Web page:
When he allegedly* "did the crime" the punishment was not extradition to the US -- it was trial and whatever was punishment decided if* he was found guilty. Since then the situation changed -- so actually he is prepared to "do the time" for his actions as originally stated.
Aside from that -- I hardly think that throwing someone into prison to be beaten and abused for a few years is a fitting punishment for walking through an unlocked door** of a US public building**** and looking around.
The US just don't like to be embarrassed and so are using a one-sided extradition treaty meant for serious criminals and laws meant for suspects of mass murder (or "terror" as the governments like to call it) to punish this guy for making them look like the incompetent fucktards they are.
*He's innocent at the moment. Perhaps if he has a fair trial we'll find out if he's guilty or not?
**Weak passwords and other lax security isn't worth calling security.
***This is stuff owned and paid for by the public -- before anyone makes an comparison to housebreaking.
Couldn't we have a real source, please?
Surely the matter of preventing extradition isn't on any shaky ground whatsoever; When the guys with the cuffs turn up from the US you say "Errr, no." and send them home. You then phone Obama and say "That extradition thing... Yeah, we're not doing that. The last guy was hell-bent on turning us into a police state, and we don't like it. We'll need to renegotiate that particular treaty."
Maybe I'm just an idealist.
S'ppose mobile phone business is falling a bit flat.
Guess Russian/Egypt grannies are worth a bit more than a cheap phone from Finland (Except, they're made in China/India nowadays).
Makes me effing angry, BTW.
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jesus, give the guy a break already. the USA really want him don't they - seems like they want him a bit too much and are making a bit too much fuss about all this which leads me to believe he did in fact find something very sensitive. the USA would be much better to just say, "yeah whatever, there's nothing to find (in relation to UFOs) anyway and he didn't find anything so sure, put him on trial for a hacking offence in the UK". instead they make themselves look like they are hiding something and will go to any lengths to avoid revealing it - interestingly, the french COMETA report (a 1999 high level French UFO report with evidence from many government and military witnesses etc) also concluded that the USA are guilty of a massive cover up of the facts surrounding the UFO phenomenon.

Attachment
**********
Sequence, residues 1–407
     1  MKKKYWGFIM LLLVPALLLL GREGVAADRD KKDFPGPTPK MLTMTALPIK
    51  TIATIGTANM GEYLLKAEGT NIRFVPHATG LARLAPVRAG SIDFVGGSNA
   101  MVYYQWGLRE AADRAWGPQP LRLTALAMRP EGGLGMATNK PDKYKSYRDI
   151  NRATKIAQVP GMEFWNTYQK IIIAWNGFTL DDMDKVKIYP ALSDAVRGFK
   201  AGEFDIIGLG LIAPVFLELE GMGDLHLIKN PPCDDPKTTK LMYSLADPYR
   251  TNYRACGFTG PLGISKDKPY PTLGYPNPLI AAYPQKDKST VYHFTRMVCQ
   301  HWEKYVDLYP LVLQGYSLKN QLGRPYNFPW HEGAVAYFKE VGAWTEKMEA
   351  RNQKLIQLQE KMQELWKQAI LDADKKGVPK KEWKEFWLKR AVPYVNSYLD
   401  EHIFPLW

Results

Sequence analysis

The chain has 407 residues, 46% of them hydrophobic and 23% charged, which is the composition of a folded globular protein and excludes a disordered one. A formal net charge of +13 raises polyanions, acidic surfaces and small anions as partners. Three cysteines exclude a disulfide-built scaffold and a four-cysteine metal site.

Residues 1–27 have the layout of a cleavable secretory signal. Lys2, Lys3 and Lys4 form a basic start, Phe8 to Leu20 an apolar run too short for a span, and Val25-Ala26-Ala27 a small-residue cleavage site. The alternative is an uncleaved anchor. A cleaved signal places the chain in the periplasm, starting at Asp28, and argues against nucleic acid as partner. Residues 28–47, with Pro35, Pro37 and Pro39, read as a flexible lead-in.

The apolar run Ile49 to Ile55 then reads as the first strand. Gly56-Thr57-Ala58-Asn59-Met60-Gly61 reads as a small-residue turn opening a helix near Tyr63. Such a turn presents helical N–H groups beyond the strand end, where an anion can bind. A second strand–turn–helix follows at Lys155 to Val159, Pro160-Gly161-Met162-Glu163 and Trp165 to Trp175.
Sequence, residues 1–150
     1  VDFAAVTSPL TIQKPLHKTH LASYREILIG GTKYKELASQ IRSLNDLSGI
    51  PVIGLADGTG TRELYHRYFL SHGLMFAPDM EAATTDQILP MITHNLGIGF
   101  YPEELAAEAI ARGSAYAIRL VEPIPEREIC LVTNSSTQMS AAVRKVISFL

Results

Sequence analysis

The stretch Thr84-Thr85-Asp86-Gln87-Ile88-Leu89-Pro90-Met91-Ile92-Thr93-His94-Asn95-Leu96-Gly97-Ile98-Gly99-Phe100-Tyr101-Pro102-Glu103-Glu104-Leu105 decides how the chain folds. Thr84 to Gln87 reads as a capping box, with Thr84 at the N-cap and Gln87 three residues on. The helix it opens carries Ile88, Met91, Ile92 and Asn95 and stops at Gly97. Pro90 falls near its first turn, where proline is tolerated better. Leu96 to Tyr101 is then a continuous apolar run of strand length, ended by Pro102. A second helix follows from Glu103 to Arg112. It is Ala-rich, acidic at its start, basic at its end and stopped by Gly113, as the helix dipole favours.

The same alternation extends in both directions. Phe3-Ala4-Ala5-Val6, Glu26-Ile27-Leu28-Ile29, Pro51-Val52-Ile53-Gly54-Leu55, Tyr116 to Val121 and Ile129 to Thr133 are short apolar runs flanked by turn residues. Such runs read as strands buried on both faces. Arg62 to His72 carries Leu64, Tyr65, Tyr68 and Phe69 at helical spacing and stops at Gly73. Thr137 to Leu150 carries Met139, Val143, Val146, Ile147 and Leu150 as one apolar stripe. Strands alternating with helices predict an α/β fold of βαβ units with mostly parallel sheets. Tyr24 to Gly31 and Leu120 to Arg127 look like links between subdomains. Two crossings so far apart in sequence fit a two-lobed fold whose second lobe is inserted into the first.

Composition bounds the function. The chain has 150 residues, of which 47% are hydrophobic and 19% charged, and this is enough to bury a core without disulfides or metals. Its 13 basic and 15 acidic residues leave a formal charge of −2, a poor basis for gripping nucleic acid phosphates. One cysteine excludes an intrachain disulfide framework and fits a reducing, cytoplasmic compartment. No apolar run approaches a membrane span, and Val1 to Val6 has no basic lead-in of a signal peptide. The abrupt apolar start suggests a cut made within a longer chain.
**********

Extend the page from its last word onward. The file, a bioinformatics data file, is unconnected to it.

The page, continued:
anyway, leave the guy alone - he's clearly harmless.
that's the problem. It's the fact that he's made America look stupid. The US Authoraties can either fess up and admit to the public how bad they were, or they can lie through there teeth and make some stupid Brit the scapegoat.
If he's tried in the UK, the US will have to prove the machines didn't have default passwords on. They wont and they're left looking stupid.
If he's tried in the US, they can make out that only a super genius could have got through the defences and as such should be locked up for life. They can then go to the public and say "We got him" and everyone feels like justice has been served. Machines will default passwords are still setup and life goes on as normal.
Nothing to do with the fact E.T. retuned and is dating Lindsay Lohan.
I haven't read of them complaining about the delay. I don't expect they want to back down, but wouldn't be surprised if they want to see the back of the whole affair.
Even to the extent of accepting a plea bargain, and giving him a token slap on the wrist. If he hadn't been fighting extradition, he could well have been back home long since.
Bad luck, Gary.
Is anyone really surprised by this? Looks like our new shiny ConDem Government bottled it.
It is entirely within the Home Secretary's jurisdiction to block this if so desired. The extradition treaty is so hopelessly one sided it should be repealed in any case. But for some reason, we musn't upset our 'friends' the Americans....
Welcome to no doubt the first in a long line of broken promises from our shiny new ConDem Government which no one actually voted for.
To be fair this really is a government no one voted for.
People voted for Tory MPs, Lib-Dem MPs, Labour MPs, Green MP (etc) with the idea that their constituency would be governed by the party with the most votes and the party with the most constituencies would get to run the country.